I mentioned in a recent post about a sacked, drunk barista that most casual hospitality employees are employed on a “regular and systematic basis”. Just in time, a procedural decision on whether a casual F&B attendant is protected from unfair dismissal, answered by whether she was employed on a “regular and systematic basis”.
The employee was a casual, covered by the Registered and Licensed Clubs Award 2010. She worked for a smidgen over six months and was sacked. Her employer, a golf club, sacked several employees around the same time due to a downturn in business in the club’s bistro.
The employee brought a claim for unfair dismissal. The employer sought to knock out the claim as she hadn’t been employed for six months.
The Fair Work Commission laid out the one of the main questions in answering the question of “regular and systematic basis”:
It is the “engagement” that must be regular and systematic; not the hours worked pursuant to such engagement.
The hours were irregular but occurred regularly.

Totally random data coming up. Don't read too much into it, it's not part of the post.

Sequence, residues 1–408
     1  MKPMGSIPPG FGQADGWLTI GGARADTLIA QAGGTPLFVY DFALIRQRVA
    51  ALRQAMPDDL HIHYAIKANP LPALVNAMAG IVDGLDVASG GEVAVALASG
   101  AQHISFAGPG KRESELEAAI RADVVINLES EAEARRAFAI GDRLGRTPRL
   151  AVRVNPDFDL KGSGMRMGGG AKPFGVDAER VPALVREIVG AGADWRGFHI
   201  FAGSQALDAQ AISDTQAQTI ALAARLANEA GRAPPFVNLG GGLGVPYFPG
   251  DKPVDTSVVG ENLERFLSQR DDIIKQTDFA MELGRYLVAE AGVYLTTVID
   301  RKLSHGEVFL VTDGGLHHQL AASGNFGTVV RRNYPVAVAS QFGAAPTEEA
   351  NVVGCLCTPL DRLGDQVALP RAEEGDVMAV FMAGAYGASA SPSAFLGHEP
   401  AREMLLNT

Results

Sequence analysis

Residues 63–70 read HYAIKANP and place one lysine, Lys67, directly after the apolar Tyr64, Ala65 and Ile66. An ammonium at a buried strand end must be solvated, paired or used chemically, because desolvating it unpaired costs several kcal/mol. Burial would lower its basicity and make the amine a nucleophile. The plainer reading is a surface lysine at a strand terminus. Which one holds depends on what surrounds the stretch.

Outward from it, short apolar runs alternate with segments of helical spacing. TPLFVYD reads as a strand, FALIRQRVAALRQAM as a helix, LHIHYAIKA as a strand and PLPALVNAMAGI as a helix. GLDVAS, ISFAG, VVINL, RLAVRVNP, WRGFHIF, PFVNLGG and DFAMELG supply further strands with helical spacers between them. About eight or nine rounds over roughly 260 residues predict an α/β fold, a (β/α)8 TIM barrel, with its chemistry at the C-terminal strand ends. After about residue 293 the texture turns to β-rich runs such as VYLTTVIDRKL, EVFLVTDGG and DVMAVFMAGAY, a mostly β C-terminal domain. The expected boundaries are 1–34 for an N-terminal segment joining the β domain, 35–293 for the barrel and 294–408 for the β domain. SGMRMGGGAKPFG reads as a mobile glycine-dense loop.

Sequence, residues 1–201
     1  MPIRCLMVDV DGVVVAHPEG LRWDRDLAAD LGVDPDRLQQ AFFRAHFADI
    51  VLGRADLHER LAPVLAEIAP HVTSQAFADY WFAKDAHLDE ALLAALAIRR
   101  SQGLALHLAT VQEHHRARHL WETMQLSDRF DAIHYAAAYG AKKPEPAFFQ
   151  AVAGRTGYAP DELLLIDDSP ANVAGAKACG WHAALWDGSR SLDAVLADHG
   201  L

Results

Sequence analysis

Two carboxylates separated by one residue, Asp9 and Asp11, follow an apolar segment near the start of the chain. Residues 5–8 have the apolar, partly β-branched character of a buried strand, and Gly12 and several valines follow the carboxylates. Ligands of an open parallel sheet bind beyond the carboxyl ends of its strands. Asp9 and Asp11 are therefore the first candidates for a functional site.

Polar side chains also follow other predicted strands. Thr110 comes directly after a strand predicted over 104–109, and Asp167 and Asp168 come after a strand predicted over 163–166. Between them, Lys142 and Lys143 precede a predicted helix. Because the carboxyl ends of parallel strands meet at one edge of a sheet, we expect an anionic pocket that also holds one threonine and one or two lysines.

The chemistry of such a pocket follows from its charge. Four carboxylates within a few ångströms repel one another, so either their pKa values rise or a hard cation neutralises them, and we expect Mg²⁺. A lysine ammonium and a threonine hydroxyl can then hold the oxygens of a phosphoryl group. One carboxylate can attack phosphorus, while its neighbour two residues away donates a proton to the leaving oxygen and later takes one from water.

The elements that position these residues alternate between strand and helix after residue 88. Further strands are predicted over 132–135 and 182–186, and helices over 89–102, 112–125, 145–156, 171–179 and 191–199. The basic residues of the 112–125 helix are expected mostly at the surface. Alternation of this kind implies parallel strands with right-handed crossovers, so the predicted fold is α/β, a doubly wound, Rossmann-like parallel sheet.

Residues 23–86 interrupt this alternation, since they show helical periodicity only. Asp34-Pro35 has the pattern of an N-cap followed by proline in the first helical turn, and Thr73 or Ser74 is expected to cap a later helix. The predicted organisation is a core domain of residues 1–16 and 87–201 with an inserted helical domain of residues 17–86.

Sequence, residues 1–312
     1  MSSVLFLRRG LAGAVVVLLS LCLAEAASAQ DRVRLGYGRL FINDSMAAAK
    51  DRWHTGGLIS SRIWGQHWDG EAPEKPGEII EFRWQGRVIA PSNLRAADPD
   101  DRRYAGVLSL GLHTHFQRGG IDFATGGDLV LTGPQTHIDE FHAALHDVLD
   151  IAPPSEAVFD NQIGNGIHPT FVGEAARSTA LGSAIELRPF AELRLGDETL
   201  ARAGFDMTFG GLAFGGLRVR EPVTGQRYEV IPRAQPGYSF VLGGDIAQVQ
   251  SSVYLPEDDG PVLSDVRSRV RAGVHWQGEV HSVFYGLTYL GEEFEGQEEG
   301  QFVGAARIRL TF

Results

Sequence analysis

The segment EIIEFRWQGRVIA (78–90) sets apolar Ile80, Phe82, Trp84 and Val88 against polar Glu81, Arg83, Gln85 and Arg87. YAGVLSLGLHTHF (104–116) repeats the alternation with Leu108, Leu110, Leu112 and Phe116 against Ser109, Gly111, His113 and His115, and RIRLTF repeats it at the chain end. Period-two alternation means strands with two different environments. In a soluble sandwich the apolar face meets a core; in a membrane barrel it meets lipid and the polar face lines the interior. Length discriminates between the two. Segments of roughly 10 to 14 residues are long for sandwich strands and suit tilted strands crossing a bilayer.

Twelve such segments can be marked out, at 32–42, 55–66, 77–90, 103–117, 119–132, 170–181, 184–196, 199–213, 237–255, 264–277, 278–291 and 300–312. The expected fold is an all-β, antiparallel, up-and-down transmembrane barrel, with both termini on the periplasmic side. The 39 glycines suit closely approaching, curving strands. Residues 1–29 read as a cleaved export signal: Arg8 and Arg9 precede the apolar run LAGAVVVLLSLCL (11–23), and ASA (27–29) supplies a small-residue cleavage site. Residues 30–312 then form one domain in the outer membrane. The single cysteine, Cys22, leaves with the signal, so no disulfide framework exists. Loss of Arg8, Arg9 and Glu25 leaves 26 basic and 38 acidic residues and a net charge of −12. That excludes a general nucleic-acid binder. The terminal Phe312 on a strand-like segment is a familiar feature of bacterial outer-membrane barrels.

The employee’s hours:
- averaged 9.5 hours per week, with a range of between 2.5 and 20.5 hours duration in one period before Christmas 2015; and
- averaged 7.25 hours per week, with a range of between 2.5 and 13 hours duration after Christmas.
The Fair Work Commission heard evidence about the rostering system and hours. The Commission found that she had a reasonable expectation of continuing employment on a regular and systematic basis. Accordingly, the employee worked for six months and four days. That allowed the unfair dismissal claim to stay alive.
If the employer had sacked her a week earlier, it would have had good grounds for knocking out the claim early. It looks like there may be some procedural issues in claiming she was laid off or made redundant.
Moral of the story: in most cases, casual hospitality employees are employed on a regular and systematic basis. That means unfair dismissal is a real risk.